Home Health Providers See Age-Friendly Accreditation As Competitive ‘Differentiator’

Last year, the Community Health Accreditation Partner (CHAP) received part of a $2.3 million grant from The John A. Hartford Foundation (JAHF) to bring the Age-Friendly Health Systems movement to home-based care.

Almost a year later, home health providers have implemented the framework – including Enhabit Inc. (NYSE: EHAB) and Compassus – and are seeing it as a potential differentiator moving forward.

“It’s competition in a way that makes everybody better,” Bud Langham, the EVP of clinical excellence and strategy at Enhabit, told Home Health Care News. “You can see that in the Age-Friendly Health Systems, there’s thousands of organizations who’ve already gone through a similar process on the inpatient side. You don’t want to be that one system in a marketplace that hasn’t been certified age-friendly. My hope is every single market where we achieve this certification, it raises the bar so that everybody has to step up.”


Based in Dallas, Enhabit provides home health and hospice services across 252 home health locations and 105 hospice locations in 34 states.

The age-friendly framework is supposed to elevate care for patients, but in a way that also benefits their families, referral sources and payers. It concentrates on “what matters”, medication, mentation and mobility – the “four Ms.”

As more care is moved to the home, age-friendly advocates – namely CHAP – believe this is a way to elevate the industry as it gains a brighter spotlight. Beginning in April, home health providers across the country have had the option to achieve a certification for Age-Friendly Care at Home.


“The only way we can really move the needle on outcomes is through patient involvement,” CHAP COO Teresa Harbour told HHCN. “And this is exactly what care this does, it gets that patient involved in their care. This is a perfect opportunity for organizations to provide that staff education on how to engage patients in their care and how to talk to them and determine what matters to them.”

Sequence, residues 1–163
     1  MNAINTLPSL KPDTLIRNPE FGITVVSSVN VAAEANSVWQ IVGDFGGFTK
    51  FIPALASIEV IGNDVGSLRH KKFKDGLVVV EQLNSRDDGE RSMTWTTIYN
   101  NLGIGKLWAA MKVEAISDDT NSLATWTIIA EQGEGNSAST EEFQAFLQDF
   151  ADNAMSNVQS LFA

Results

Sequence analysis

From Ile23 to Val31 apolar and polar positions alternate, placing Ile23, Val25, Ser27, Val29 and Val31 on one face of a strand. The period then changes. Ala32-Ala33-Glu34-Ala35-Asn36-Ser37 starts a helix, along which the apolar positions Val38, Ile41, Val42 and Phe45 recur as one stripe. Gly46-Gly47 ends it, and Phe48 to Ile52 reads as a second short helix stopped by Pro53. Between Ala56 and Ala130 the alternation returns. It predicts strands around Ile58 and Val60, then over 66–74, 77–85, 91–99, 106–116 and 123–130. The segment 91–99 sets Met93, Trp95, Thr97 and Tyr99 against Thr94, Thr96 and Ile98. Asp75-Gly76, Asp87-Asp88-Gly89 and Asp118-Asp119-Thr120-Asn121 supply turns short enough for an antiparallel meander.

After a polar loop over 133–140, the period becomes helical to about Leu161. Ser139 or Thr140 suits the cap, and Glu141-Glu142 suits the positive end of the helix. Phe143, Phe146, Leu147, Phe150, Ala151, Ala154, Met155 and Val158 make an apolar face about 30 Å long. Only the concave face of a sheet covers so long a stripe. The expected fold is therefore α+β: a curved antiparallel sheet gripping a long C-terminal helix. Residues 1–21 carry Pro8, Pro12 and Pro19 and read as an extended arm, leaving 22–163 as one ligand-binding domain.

A value-based care driver

Providing care in line with a patient’s goals was always sensical. But, the four Ms around Age-Friendly Care at Home fit in perfectly with the Home Health Value-Based Purchasing (HHVBP) Model as well.

Part of the calculation behind HHVBP is patient satisfaction scores. If patients are receiving care that they believe is specifically tailored toward them, providers are much more likely to receive high scores from those patients.

“This actually is in alignment both for HHVBP and for hospice with VBID,” Jennifer Hale, the VP of clinical quality and standards at Compassus, told HHCN. “When we’re talking about what payers want, payers want the same things generally that patients want. They want care that is consistent with the wishes of the patient, they want care that is not cost prohibitive, and they want consistency of outcomes. This approach establishes the framework and the runway to do that.”

The Brentwood, Tennessee-based Compassus provides home health care, infusion therapy, palliative care and hospice care services through 200 locations across 30 states.

Both Compassus and Enhabit participated in a age-friendly pilot program recently after CHAP approached them about the program. Each will continue to abide by the framework moving forward.

Hale added that she “absolutely” thinks this could be a differentiator for both home health and hospice providers.

Meanwhile, Langham also sees the age-friendly framework as fitting perfectly alongside HHVBP and other value-based care incentives.

“In HHVBP, we’re going to be measured on how much we help patients improve,” he said. “Two huge parts of that are hospitalization rates and the patient experience. The evidence from the Age-Friendly Health Systems program shows that they lower the overall total cost of care and it improves hospitalization rates.”

Langham also said it’s a way for the patients to see that Enhabit is there for them, listening to them and building a care plan that is centered around them.

“That will help with their experience, their journeys,” he continued. “About 50% of HHVBP is experienced in hospitalizations and claims-based measures. And so it will help us, it’ll create a tailwind for organizations to step up and do the rigorous work to get certified.”

Enhabit and Compassus are two very large organizations. The age-friendly framework allows their leaders a path to further standardize care across locations.

Doing so allows them to contract nationally with other health plans – outside of Medicare fee for service – in a more promising way. It allows them to come to the table with a nationwide roadmap behind them.

“I just think about how many patient lives are going to be impacted by this,” Harbour said. “There’s so many patients and families that are truly going to feel a difference in the care that they receive. That’s the feedback that we’re already hearing from Compassus and Enhabit.”

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